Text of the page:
An inground pool is the ultimate in backyard upgrades. If you've always wanted one, now may be the time. Prices have fallen during the recession by up to 30%. Nevertheless, it remains a big investment, so it's important to make smart choices with regard to size, shape, site selection, and type.
If you ask three pool companies that each build a different type of pool "which one the best is", you will get three answers that are all the same. Their pool is the best! How can that be you may ask? Well, maybe their pool is the best in their mind. The truth is they all have advantages and disadvantage.
Inground Vinyl Liner Pool
This type of pool is an economical way to get an inground pool.
Inside a suitable excavation, a frame of wood, plastic or metal is erected. The most stable systems are set in a concrete footing. Wall panels are then fastened to the framing, plumbing is installed, and a sand base is laid. A heavy-duty vinyl liner is fastened to the top of the frame and what remains of the hole is back-filled. Masonry coping is installed over the top of the wall.
Shape/Depth Customization: Unlike a fiberglass pool, vinyl liners can be customized into any shape or depth. So whether you want an ‘L' shaped pool, a classic Roman, a Grecian, etc; a vinyl liner pool will fit the bill. Options available are wide open and almost limitless. I have seen vinyl liner pools constructed in a way where they look like nearly identical to a gunite pool.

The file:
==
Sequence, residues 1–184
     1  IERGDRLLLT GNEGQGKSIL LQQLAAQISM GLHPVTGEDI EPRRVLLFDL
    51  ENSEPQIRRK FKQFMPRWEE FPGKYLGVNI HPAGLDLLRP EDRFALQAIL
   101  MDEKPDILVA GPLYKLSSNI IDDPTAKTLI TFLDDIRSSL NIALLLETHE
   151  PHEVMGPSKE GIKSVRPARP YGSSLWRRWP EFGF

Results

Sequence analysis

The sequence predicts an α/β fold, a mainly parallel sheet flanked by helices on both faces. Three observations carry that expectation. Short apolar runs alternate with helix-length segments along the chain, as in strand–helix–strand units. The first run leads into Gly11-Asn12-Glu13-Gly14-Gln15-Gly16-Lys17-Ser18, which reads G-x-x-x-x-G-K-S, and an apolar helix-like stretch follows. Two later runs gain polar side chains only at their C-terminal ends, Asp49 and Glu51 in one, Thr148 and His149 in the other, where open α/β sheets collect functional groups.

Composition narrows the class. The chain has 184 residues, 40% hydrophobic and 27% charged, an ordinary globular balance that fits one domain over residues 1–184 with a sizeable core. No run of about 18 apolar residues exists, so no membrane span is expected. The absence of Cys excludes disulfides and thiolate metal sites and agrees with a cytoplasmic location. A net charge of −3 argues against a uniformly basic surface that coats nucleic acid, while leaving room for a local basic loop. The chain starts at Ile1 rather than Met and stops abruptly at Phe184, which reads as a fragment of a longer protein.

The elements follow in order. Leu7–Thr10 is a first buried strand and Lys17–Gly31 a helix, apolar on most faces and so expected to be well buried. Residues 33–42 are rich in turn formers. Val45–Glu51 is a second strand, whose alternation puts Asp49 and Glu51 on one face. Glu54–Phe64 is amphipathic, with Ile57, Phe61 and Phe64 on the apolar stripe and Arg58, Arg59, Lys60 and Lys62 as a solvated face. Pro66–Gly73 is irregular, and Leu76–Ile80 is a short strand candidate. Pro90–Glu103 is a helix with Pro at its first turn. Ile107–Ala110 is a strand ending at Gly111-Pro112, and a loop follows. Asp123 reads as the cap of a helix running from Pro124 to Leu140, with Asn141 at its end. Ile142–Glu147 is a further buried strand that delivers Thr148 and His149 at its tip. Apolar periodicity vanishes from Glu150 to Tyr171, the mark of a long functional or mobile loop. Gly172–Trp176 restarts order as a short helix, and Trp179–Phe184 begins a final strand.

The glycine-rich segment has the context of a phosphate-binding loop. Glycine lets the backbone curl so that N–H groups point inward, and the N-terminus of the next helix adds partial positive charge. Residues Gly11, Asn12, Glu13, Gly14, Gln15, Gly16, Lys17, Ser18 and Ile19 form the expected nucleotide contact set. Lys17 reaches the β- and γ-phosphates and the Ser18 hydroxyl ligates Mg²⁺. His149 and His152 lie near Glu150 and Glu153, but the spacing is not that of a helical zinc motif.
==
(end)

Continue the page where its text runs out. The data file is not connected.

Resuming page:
One of the nice things about the liner pool is the softness/smoothness of the liner. Having swam in these pools, I can tell you there is not any surface you can get in a gunite pool that will match the vinyl liner pools. In addition, the surface is not as porous as a plaster finish on a gunite pool. So these type of pools actually use less sanitizer than a gunite pool - somewhere around 25% less on average. The non-porous surface leads to less chemical usage during the season and therefore money savings as well.
Lastly, the vinyl liner pool can be a DIY project which would lead to even more savings, unlike the other two pools. Most certainly, you can't go wrong with a vinyl liner pool. It is the most cost effective, produces fewer time restraints on installation and can be a DIY project for a big savings.
The inground fiberglass pool has some of the same benefits as the vinyl liner pool. It has a very smooth, non porous surface like the liner pool. So the same chemical benefits apply, if the pool is maintained properly. Lower maintenance is what originally spawned the fiberglass pool movement throughout the United States and the rest of the world.
Fiberglass pools are pre-molded in a variety of shapes and sizes. They are manufactured with steps, benches, and swim-outs already in place. After the hole has been dug, plumbing installed, and sand base laid, the fiberglass shell is lowered into the hole and leveled. To avoid bowing, filling the pool with water and back filling with sand must be done simultaneously. No framing is required.